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The Ontology of MindEvents, Processes, and States$
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Helen Steward

Print publication date: 2000

Print ISBN-13: 9780198250647

Published to Oxford Scholarship Online: October 2011

DOI: 10.1093/acprof:oso/9780198250647.001.0001

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Efficacy, Causing, and Relevance

Efficacy, Causing, and Relevance

Chapter:
(p.168) 6 Efficacy, Causing, and Relevance
Source:
The Ontology of Mind
Author(s):

Helen Steward

Publisher:
Oxford University Press
DOI:10.1093/acprof:oso/9780198250647.003.0007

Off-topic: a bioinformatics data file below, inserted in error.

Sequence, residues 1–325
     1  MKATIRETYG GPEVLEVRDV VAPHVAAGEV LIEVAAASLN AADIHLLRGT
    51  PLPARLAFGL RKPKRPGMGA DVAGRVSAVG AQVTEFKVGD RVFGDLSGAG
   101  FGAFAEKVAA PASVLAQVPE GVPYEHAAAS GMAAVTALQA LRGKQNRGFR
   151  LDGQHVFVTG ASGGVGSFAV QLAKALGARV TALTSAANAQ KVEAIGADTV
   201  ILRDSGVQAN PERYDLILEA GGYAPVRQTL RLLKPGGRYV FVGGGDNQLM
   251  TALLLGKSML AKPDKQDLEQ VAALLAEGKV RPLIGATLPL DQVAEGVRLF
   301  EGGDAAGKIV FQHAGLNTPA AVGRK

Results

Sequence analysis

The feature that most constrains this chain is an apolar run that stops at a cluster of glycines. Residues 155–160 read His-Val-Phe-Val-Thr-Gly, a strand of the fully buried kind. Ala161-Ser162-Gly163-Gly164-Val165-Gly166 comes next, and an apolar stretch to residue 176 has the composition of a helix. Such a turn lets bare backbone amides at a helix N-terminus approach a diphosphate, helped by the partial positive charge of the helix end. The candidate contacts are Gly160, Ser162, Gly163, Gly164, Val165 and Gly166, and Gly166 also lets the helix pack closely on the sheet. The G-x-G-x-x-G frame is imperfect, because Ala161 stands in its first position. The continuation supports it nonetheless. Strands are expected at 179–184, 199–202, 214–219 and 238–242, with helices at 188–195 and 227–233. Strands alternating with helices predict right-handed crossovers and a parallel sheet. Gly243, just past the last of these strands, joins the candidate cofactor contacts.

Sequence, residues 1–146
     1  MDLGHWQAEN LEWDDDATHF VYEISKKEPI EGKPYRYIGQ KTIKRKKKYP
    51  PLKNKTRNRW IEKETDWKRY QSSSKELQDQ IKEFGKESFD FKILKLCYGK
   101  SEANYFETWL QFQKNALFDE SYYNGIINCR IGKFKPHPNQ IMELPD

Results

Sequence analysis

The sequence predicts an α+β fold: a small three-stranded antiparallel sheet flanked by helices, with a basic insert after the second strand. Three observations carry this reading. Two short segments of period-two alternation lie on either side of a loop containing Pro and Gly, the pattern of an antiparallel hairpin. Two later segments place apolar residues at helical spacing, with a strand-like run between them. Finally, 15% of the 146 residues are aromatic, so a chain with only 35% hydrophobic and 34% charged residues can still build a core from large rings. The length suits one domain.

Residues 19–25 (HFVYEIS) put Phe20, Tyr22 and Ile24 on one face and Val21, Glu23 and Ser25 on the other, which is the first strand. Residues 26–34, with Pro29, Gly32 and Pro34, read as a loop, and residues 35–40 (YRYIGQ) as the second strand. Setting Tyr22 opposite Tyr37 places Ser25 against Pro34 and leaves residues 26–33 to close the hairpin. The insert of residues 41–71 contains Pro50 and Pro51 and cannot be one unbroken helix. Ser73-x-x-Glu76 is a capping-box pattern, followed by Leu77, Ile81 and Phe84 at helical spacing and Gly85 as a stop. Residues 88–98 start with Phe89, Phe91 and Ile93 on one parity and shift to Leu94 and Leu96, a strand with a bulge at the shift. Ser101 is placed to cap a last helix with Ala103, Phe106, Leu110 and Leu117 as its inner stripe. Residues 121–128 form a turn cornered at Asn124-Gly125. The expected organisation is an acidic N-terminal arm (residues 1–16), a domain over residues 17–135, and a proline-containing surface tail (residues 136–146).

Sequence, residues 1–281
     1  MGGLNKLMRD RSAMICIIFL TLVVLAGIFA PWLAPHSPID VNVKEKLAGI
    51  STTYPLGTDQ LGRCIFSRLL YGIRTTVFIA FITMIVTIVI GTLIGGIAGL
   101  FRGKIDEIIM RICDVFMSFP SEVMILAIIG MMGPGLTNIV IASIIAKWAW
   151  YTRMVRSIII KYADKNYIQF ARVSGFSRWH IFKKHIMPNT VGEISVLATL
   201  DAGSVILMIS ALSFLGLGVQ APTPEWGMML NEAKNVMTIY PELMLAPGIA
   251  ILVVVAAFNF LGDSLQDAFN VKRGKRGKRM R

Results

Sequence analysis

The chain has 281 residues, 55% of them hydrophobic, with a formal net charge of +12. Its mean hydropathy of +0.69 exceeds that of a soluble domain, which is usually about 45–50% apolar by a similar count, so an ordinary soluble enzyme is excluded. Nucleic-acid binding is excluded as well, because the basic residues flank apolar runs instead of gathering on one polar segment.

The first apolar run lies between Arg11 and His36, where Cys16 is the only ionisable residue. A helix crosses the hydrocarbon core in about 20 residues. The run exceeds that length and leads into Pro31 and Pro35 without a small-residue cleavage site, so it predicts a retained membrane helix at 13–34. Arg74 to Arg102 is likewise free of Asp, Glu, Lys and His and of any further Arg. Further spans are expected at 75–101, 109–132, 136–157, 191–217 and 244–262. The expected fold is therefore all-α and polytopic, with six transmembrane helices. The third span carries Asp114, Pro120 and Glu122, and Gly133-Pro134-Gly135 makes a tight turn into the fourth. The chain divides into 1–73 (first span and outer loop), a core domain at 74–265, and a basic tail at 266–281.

In Chapter 5, it was argued that a proper appreciation of the important differences between singular and sentential explanations is essential if we are to understand properly the ontological and metaphysical implications of our causal talk. Towards the end of that chapter, a view called the Davidsonian view was outlined, which attempted to account for these differences by drawing on the distinction between two relations — the relation of causation and that of causal explanation. It was suggested that this answer seemed to leave unexplicated the connection between the relation of causal explanation — a relation whose holding, at least on one fairly plausible view, is dependent upon the tendency of human beings to find one fact, or set of facts, to be useful in achieving a certain kind of understanding of another — and ‘real metaphysical causality in the world’. This chapter, attempts to provide the outline of an account which might help us to understand this relation.

Keywords:   causation, causal explanation, process explanation, program explanation

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